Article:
How My Wife and I Paid Off $20k of Student Loans in Less Than Two Years

5 Principles that Got Us Debt-Free

This is a guest post by Phil Bartuska. Phil is a student at Southeastern Baptist Theological Seminary in Wake Forest, North Carolina and is in the process of obtaining a M.Div in International Church Planting. He and his wife, Becca, have been married for three years and have their first child on the way. You can follow him on Twitter at @phil_bartuska.

When my wife and I graduated from college, we had over $20,000 in student loans. More than seven out of ten college seniors graduate with student loans. Finishing college with large amounts of debt is becoming almost as certain as death and taxes.

Within two years, my wife and I were able to pay off our student loans. It was not an easy journey, but we were able to do it with a few guiding principles. What were they?

Let’s take a look at the five principles that got us debt-free:

  1. Set SMART goals. We all would love to pay off our student loans quickly, but how are you going to accomplish that? And what amount of time is actually reasonable to pay off those loans? The shorter amount of time you decide, the more sacrifices you will need to make. If you are married, it is important to set goals with your spouse to make sure you are on the same page. And a great place to start is by setting SMART goals (Specific, Measurable, Attainable, Relevant and Time-Bound).
  1. Create a budget. Budgets are a debtor’s best friend. Or anyone who wants to make wise decisions with their money. Whether you are someone who is in debt up to their eyeballs, or someone who just wants to create a healthy financial habit, budgeting is for you. First, find out your average income per month, and then list out every expense you have. Make sure once you have laid everything out that your final number is zero or greater. Then figure out what the absolute smallest amounts are for each line item, and put the excess towards loans. My wife and I paid 25% of our income towards loans.
  1. Prioritize your spending. What is on your budget that is the highest priority? For us, tithe and giving was the first thing that we had down, even before taxes. Then came costs like rent, groceries, utilities, gas, savings and loan payments. These items were our necessary expenses until we paid off our student loans.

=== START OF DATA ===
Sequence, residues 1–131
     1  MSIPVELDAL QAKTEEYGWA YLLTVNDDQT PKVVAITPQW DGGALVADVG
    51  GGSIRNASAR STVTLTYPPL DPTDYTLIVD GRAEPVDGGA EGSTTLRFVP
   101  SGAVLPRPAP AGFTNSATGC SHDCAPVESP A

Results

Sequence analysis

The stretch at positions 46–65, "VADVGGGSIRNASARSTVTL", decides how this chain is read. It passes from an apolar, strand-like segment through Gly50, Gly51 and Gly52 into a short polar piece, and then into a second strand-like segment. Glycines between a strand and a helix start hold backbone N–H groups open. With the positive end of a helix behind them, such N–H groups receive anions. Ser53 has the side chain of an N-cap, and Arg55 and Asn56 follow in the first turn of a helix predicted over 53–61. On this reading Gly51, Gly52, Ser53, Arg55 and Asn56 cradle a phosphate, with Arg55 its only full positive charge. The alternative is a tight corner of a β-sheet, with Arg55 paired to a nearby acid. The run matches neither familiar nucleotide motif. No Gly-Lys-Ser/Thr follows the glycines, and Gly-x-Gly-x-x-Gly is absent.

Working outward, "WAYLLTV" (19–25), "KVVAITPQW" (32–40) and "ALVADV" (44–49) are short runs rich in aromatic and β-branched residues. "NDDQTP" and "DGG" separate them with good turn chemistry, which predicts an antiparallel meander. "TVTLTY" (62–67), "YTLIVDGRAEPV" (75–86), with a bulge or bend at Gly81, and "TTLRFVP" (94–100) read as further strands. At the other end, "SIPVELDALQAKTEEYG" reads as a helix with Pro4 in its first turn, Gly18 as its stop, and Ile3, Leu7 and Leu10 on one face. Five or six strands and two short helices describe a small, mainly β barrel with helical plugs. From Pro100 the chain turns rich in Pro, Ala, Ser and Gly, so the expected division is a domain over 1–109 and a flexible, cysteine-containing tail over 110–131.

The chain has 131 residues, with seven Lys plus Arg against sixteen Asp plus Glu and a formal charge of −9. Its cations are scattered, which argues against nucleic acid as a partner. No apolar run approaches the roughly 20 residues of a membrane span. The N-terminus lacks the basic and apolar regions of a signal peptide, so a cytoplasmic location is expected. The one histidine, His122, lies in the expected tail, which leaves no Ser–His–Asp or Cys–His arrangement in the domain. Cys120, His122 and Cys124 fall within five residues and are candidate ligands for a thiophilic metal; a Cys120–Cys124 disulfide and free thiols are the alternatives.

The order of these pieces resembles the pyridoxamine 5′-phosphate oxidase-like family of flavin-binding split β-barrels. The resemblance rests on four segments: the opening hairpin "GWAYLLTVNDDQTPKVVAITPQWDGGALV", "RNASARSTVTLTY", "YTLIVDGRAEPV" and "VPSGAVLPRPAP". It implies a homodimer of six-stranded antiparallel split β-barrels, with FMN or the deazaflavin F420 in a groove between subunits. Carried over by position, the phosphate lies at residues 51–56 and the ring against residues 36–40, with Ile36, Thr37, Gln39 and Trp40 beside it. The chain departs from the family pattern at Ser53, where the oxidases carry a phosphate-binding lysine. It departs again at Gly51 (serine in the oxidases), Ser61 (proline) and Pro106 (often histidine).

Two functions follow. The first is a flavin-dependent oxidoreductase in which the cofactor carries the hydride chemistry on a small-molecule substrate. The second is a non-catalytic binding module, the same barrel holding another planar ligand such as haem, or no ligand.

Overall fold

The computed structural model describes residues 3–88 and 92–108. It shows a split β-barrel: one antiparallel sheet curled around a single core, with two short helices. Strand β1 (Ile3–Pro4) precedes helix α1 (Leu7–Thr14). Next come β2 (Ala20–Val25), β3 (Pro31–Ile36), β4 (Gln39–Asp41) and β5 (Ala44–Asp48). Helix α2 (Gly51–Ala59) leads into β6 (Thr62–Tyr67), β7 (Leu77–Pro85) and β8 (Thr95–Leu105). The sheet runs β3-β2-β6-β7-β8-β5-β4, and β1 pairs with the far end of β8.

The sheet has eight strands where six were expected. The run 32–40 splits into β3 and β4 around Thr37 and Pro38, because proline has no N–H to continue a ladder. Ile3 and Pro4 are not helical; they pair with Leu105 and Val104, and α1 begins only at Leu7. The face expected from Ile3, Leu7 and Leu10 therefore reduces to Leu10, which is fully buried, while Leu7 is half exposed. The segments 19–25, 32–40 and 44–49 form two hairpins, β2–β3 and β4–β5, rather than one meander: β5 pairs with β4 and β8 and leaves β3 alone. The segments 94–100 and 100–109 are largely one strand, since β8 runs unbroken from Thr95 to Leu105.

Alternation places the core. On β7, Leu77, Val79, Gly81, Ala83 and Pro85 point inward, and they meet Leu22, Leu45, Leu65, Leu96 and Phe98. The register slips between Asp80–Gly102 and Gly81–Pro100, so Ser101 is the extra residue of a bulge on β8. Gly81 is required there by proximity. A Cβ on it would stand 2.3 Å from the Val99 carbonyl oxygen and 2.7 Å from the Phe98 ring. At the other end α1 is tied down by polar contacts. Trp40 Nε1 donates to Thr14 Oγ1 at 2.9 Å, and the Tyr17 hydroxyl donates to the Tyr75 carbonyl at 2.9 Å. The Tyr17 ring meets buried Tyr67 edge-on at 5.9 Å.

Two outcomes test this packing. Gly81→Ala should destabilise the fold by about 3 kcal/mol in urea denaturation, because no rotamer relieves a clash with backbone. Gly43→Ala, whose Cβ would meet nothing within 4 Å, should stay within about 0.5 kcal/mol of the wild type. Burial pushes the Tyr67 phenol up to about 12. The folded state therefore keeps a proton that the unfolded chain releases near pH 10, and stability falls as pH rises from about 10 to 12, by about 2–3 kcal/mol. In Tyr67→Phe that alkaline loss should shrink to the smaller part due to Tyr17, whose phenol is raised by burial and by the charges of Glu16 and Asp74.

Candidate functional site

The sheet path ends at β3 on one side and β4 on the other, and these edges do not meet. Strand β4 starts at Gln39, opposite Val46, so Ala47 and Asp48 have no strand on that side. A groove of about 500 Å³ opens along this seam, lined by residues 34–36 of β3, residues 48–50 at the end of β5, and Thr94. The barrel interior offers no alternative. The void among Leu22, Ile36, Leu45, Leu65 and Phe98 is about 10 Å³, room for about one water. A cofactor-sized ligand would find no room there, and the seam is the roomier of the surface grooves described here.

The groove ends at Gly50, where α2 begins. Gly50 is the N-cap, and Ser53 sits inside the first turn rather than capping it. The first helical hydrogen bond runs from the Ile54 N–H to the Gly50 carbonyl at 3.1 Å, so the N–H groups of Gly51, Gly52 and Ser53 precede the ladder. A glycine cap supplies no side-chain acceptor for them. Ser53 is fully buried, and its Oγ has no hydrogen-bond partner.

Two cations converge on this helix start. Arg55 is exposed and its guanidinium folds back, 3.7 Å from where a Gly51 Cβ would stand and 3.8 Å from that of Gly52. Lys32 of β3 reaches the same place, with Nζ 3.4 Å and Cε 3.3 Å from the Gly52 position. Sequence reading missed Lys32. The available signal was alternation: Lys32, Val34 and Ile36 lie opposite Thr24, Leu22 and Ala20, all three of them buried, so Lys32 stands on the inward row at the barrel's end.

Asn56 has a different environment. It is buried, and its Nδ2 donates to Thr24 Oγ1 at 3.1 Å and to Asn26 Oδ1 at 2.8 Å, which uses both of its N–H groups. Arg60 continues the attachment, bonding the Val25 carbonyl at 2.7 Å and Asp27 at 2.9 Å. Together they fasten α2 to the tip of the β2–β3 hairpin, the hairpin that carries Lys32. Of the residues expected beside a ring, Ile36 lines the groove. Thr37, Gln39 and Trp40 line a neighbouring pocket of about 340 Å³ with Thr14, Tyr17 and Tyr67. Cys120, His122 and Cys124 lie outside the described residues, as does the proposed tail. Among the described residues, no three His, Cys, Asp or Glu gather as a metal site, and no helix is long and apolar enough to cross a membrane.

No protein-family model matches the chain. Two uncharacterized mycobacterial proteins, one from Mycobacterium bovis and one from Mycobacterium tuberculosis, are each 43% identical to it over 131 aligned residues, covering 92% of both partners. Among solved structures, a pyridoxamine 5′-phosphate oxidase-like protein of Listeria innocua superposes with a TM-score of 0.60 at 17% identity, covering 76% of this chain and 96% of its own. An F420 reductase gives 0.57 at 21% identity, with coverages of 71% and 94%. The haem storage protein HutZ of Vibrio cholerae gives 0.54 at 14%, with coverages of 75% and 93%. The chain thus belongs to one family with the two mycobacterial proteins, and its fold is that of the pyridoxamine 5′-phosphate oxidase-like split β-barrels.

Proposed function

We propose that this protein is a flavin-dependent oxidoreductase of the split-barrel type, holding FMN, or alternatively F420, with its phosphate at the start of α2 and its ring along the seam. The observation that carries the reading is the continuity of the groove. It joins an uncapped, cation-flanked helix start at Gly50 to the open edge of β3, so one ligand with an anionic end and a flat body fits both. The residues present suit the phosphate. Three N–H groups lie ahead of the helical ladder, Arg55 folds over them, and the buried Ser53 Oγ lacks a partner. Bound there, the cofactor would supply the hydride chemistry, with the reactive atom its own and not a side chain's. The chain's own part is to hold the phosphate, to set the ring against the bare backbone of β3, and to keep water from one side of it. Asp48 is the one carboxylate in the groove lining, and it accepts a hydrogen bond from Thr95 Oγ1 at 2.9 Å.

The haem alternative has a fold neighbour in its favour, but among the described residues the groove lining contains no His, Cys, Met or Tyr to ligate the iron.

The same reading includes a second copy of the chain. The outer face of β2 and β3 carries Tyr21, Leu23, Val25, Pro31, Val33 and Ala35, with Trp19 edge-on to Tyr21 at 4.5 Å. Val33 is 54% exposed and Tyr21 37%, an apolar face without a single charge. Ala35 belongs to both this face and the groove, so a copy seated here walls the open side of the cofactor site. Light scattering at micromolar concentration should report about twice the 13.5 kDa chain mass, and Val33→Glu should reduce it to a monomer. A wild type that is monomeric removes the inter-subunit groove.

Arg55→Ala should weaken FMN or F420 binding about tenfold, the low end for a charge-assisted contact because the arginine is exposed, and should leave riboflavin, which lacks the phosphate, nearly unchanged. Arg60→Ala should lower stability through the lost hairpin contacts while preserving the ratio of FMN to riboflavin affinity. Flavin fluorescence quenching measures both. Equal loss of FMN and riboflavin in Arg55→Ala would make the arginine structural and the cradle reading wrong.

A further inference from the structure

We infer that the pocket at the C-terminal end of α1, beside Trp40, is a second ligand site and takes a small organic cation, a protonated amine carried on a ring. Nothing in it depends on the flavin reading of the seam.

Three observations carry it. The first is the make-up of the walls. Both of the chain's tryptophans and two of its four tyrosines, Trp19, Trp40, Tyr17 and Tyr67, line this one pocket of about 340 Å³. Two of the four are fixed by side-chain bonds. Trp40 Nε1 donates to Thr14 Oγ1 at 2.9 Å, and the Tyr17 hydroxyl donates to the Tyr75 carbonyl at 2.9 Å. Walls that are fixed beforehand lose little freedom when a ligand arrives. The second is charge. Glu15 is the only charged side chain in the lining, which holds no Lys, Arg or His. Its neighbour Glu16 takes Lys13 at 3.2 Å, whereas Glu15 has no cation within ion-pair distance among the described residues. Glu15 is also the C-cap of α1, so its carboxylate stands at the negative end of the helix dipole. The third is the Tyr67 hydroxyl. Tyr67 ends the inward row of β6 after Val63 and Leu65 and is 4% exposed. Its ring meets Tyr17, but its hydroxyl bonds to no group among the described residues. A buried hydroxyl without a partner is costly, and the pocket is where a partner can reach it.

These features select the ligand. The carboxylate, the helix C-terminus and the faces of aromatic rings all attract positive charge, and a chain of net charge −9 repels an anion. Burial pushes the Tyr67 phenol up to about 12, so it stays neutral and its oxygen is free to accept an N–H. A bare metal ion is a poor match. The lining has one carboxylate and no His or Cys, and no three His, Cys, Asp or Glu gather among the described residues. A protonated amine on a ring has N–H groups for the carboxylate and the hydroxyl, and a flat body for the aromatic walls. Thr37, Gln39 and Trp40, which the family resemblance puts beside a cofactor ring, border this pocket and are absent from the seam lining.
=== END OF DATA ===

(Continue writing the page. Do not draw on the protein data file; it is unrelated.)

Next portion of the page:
1. Know what you are willing to sacrifice. If you have debt of any kind, you are going to end up making sacrifices. Whether you decide to face your debt or you leave the burden with your children, someone is ultimately going to sacrifice. The more debt you have (especially unsecured debt), the more sacrifices you will have to make. Maybe you should wait on purchasing that new car. Or maybe you can limit the amount of times you go out to eat each week. Whatever you decide to give up will be worth the cost when you can say you are debt-free.
  1. Buy second-hand. This was probably the biggest area where my wife and I saved money. We did not buy anything new (clothes, household items, furniture, books, etc.). Many times we found items for free that our friends and neighbors did not need or want anymore. It’s nice to remember this in the future so that you can help others in need or in debt.

Student loans are no joke. And paying them off requires setting goals, creating a budget, prioritizing your spending and sacrifice. Make the decision today to get serious about paying off your student loans. You can do this.

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